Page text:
The world's largest producer of personal computers, Hewlett-Packard, has announced a major restructuring scheme which involves massive layoffs. But market players doubt the reforms can save the company.
US Silicon Valley pioneer Hewlett-Packard (HP) announced on Wednesday that it was planning to cut 27,000 jobs by the fall of 2014 in a major restructuring initiative. The leading maker of personal computers would shed eight percent of its global workforce.
"The workforce cuts will include an early retirement program and will vary by country, based on local legal requirements and consultation with works councils and employee representatives, as appropriate," HP said in a statement.
The announcement came after HP reported a 31-percent drop in profits in its second fiscal quarter to $1.6 billion (1.27 billion euros). Revenues in the same period fell by 3.0 percent from a year ago to $30.7 billion.
Like its main rival Dell, Hewlett-Packard has been suffering from the slow growth in personal computer sales, as customers increasingly opt for Apple iPads and other tablet devices. But that's a sector in which neither Dell nor HP is strong.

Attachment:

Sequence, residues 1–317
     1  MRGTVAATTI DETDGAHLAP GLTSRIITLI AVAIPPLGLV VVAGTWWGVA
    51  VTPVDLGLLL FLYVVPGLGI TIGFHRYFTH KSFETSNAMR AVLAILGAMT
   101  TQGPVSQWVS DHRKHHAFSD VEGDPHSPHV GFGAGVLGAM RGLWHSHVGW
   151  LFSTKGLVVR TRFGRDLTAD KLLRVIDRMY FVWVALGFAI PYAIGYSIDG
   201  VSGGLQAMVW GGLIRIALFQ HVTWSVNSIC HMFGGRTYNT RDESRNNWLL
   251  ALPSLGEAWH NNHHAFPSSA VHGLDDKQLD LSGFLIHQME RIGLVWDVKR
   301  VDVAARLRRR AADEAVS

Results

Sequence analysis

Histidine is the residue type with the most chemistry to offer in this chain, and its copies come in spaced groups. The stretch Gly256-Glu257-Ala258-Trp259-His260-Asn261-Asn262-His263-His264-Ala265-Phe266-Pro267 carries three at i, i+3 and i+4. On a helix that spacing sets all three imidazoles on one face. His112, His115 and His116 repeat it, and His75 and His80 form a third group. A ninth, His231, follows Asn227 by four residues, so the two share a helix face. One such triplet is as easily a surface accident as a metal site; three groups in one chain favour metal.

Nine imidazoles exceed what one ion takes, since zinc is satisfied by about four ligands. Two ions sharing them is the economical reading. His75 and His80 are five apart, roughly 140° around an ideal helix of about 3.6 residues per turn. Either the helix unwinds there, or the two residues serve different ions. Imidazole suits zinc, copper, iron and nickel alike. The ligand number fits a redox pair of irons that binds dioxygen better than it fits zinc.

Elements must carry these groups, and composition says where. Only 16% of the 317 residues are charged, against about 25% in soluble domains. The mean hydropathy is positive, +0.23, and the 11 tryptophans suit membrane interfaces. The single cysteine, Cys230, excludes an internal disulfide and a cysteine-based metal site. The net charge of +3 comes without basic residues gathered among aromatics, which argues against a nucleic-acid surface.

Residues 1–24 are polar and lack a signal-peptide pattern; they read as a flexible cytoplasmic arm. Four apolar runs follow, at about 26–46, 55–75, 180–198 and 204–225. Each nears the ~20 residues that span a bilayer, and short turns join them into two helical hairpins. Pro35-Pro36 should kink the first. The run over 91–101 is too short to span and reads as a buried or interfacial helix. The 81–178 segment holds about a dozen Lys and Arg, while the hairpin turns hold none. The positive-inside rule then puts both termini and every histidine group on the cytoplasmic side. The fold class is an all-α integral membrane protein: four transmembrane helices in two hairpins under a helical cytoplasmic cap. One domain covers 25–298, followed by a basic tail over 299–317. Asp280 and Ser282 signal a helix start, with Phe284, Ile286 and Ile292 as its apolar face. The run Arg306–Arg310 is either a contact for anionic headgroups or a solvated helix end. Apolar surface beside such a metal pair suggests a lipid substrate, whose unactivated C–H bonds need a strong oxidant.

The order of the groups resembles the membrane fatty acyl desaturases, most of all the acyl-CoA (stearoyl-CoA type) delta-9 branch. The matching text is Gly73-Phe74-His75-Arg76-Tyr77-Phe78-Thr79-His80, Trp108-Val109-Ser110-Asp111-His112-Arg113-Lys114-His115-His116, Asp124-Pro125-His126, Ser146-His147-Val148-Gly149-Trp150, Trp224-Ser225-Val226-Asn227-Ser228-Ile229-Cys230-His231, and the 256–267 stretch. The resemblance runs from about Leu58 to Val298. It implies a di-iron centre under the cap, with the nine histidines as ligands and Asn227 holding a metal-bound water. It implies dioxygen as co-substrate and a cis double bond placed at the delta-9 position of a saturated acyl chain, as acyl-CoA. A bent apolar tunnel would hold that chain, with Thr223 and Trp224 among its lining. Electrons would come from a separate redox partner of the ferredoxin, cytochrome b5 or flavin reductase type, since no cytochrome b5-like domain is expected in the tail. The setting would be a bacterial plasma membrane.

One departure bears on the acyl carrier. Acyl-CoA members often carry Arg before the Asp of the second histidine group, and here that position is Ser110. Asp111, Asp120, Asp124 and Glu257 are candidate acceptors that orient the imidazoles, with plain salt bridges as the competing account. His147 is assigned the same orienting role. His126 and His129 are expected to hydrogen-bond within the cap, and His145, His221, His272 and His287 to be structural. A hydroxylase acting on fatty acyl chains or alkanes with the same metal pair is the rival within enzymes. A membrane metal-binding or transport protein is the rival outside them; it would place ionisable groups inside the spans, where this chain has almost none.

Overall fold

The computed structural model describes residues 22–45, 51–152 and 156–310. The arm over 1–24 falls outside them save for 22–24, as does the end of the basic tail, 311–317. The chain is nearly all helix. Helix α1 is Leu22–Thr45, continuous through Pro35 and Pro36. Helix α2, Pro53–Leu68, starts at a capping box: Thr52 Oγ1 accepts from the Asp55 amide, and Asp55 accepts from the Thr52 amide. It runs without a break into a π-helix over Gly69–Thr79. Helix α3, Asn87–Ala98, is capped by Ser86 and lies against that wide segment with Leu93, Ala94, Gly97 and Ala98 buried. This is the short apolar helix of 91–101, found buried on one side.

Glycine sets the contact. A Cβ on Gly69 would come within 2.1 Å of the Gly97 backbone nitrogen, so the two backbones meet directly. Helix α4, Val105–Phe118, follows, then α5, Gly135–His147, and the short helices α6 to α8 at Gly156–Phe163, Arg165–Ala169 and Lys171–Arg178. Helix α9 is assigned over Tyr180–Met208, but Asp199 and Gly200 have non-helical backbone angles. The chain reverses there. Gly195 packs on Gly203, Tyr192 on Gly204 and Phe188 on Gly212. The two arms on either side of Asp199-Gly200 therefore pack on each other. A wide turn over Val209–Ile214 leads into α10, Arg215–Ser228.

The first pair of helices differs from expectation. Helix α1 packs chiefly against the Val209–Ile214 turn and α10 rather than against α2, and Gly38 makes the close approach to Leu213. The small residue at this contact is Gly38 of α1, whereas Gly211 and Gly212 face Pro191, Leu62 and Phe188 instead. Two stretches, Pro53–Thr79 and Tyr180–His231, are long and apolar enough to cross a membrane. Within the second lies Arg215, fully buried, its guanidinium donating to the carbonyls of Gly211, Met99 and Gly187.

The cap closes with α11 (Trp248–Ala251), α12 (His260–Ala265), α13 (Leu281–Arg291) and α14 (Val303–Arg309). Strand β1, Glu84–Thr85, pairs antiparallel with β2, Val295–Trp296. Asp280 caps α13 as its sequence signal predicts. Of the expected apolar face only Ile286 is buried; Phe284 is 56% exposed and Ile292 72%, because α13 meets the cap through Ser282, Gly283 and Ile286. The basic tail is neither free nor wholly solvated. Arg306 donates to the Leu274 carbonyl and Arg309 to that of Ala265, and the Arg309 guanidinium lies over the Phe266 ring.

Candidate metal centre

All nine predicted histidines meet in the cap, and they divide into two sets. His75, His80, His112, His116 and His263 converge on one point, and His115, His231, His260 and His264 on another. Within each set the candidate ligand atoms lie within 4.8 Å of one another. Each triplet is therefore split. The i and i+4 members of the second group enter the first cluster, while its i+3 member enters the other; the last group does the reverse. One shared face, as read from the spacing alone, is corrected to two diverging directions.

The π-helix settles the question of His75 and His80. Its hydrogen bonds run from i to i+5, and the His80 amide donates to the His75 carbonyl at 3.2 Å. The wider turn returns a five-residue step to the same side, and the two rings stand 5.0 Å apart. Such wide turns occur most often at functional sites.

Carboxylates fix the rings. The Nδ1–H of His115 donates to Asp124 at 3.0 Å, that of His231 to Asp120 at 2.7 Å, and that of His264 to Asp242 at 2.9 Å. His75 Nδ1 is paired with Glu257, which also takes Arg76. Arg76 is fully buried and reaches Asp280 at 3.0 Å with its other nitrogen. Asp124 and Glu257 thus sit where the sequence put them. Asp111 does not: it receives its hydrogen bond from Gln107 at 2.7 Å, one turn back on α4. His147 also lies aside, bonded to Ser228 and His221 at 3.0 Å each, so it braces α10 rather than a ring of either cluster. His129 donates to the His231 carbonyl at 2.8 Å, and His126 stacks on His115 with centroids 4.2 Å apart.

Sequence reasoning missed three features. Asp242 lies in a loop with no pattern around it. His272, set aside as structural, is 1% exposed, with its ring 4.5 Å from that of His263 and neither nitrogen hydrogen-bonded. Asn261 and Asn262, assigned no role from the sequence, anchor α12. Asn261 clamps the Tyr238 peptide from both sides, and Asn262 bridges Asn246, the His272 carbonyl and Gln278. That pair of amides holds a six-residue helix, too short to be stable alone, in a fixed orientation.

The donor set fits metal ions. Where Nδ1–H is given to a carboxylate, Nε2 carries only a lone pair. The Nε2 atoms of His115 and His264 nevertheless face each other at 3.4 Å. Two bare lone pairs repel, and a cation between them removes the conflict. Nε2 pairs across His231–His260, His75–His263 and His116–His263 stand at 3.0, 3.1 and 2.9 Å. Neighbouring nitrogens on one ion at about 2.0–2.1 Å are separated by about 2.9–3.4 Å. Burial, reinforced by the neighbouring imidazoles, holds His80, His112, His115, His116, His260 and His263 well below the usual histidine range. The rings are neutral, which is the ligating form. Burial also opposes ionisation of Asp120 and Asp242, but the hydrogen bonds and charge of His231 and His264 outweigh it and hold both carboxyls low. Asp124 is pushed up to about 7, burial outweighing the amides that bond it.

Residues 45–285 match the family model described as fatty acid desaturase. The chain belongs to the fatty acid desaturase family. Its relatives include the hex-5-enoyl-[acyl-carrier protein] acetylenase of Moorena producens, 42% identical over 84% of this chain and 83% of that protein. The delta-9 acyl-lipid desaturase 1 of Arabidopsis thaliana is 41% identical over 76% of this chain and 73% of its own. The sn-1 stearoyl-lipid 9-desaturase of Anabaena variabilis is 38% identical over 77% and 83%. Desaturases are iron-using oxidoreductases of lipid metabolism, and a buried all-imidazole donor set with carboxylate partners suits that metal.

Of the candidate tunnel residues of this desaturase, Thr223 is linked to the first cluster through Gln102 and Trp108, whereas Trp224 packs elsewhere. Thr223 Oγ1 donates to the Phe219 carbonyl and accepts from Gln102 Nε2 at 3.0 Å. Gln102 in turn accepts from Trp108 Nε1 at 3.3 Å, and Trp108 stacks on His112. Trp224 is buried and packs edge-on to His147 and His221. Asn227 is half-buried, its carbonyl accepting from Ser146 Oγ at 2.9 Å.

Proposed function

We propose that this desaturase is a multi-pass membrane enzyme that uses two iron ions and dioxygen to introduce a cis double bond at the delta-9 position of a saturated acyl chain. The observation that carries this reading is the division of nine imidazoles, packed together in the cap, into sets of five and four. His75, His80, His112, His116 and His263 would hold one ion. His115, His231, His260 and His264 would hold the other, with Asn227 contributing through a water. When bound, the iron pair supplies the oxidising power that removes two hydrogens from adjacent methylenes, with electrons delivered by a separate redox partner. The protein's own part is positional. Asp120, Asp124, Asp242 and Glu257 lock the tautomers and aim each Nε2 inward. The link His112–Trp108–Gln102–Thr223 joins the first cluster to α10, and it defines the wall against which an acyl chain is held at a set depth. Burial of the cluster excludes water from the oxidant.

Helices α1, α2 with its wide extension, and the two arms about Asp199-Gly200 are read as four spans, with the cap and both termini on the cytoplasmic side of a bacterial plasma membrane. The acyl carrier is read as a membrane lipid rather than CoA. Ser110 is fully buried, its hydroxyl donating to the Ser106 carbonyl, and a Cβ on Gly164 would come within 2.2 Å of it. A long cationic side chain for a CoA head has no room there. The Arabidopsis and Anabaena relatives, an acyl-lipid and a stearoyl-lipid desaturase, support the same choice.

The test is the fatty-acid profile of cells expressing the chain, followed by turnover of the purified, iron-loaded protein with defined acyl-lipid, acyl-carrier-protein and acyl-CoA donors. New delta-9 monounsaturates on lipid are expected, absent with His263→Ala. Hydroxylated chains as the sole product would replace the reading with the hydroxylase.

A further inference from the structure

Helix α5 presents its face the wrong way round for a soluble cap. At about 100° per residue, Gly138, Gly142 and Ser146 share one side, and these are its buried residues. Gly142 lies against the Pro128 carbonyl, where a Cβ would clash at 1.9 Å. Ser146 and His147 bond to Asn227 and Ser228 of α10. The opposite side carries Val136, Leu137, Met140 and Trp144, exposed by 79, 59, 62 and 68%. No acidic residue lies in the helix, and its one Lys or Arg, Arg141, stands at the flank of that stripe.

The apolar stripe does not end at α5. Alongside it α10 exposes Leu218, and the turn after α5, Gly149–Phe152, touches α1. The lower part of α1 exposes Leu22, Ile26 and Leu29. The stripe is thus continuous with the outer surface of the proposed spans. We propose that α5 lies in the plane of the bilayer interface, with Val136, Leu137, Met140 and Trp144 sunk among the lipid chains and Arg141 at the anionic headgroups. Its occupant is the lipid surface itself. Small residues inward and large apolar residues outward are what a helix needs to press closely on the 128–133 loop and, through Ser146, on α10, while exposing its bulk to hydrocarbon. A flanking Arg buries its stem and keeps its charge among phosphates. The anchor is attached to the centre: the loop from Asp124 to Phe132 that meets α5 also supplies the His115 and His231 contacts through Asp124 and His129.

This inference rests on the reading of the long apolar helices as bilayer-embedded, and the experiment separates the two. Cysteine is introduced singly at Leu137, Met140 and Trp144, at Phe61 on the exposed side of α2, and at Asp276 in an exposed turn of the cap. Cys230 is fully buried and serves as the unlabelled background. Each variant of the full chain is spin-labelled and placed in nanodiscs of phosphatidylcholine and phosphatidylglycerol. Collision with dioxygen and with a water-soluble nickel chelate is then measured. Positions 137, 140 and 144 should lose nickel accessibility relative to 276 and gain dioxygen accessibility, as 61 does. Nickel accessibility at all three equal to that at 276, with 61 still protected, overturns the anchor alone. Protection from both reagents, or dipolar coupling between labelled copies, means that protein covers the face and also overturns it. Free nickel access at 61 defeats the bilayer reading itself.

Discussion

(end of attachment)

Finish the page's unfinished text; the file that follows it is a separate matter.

Market players doubt that the most recent reform and restructuring announcements will change the picture for the better as they question the direction of the company's development.
"Previous cuts have done little to improve HP's competitive position or reduce its reliance on declining or troubled businesses," Deutsche Bank said in a statement. Bernstein Research analysts argued that investors had long viewed HP as a broken company.
But that's a view Hewlett-Packard CEO Meg Whitman refuses to subscribe to. She pointed to savings of between $3.0 and $3.5 billion by the end of the 2014 fiscal year, adding that the bulk of it would be reinvested into areas such as cloud computing, data security and "other segments that offer attractive growth potential."
hg/mll (Reuters, AFP, dpa)